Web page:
Like it or not, it was very simple wargaming. On one hand, we have a land invasion of the Home Islands. Facing millions of people, probably a protracted guerilla insurgency, and bloody hand-to-hand fighting, AND the huge logistical chain of moving hundreds of thousands of soldiers, and millions of tons of material, halfway around the world. Best estimates put it at 1.5 million dead and 200,000 American casualties.

                  The US minted five hundred thousand Purple Hearts in anticipation of the forthcoming battle.We're still using that supply today.

                  Or on the other hand, drop two very large bombs, maybe kill 100,000 to 150,000, but end the war and save well over a million.

                  It was, as they say in today's parlance, a "no brainer". There was never any real debate.

                  Doc.
                  Doc's Machine. (Probably not what you expect.)

                  Comment


                  • #10
                    There is nothing worse than 70 years later "Monday morning Quarterbacking" . all you kids that don't remember WWII should just shut the hell up . :-(
                    ...lew...

                    Comment


                    • #11
                      I was born just after the war was over. Spent a couple of years in Japan in the 70's. Never met a single Japanese person who was upset over the bombs.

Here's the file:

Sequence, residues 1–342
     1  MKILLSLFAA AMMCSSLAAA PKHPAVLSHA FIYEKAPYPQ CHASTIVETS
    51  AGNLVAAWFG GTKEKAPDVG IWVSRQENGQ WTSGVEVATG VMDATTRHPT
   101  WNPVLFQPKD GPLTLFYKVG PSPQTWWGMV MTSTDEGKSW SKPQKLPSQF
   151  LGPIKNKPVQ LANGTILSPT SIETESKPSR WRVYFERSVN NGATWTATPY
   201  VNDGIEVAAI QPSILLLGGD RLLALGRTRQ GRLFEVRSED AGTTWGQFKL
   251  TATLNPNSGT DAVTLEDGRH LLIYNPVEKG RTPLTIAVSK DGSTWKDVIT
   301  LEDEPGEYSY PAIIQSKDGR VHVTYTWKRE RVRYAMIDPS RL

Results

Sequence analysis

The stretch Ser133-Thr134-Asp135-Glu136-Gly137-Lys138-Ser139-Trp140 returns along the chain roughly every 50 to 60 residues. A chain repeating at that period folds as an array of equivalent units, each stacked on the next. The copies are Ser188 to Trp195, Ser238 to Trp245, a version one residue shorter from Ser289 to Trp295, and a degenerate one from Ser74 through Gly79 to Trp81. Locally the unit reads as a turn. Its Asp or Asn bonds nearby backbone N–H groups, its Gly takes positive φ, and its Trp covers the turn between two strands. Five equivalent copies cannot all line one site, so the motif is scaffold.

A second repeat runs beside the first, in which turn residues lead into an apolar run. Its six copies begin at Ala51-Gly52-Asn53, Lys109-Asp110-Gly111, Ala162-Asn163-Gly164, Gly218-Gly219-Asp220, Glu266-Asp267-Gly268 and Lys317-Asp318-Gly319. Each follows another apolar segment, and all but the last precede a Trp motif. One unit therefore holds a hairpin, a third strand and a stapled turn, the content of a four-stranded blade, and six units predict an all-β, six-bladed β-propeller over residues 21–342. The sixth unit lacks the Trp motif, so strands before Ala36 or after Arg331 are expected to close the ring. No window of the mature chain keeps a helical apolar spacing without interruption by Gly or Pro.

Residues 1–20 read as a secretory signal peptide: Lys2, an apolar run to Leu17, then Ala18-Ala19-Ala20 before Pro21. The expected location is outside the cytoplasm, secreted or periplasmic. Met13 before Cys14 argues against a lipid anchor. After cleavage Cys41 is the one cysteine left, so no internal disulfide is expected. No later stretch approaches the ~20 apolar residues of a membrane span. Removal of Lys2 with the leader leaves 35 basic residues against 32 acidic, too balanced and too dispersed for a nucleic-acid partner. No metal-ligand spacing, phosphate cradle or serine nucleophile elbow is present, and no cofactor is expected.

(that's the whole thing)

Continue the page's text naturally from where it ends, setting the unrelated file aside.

Usual comment was "That's the fortunes of war". At least with young adults that I interfaced with.

                      Mike

                      Comment


                      • #12
                        Originally posted by Ohio Mike View Post
                        It was understood that the plane would carry a heavier payload farther any anything before it.
                        Yes and no. The B-29 had a nominal bomb load of 20,000 #, the Lanc's was 14000 # Nominal, in peace time up to 17,000 for war missions but could carry the 22,000 grand slam bombs which the 29 could not carry because of the bomb bay design.The B-29 did have a longer range but the Lancs range could be extended just as they do today.

                        You Americans forget it wouldn't be just you in the fight. Anzac's, Canadians, Indians and the Brits were all going to be joining in as soon as Adolph was taken care of. My father was a radio operator on an RCAF Lanc and his aircraft was tasked to "Tiger Force", the British Empires bombing contribution to the final invasion of Japan. There is a good chance he wouldn't have made it back from that and I wouldn't be here so personally I'm glad they dropped the damn bombs. The Japs may whine about how hard done by they where by the blasts but don't forget what they did to everyone else. Millions died for there ambitions.
                        Last edited by loose nut; 08-07-2020, 09:57 AM.
                        The shortest distance between two points is a circle of infinite diameter.

                        Bluewater Model Engineering Society at https://sites.google.com/site/bluewatermes/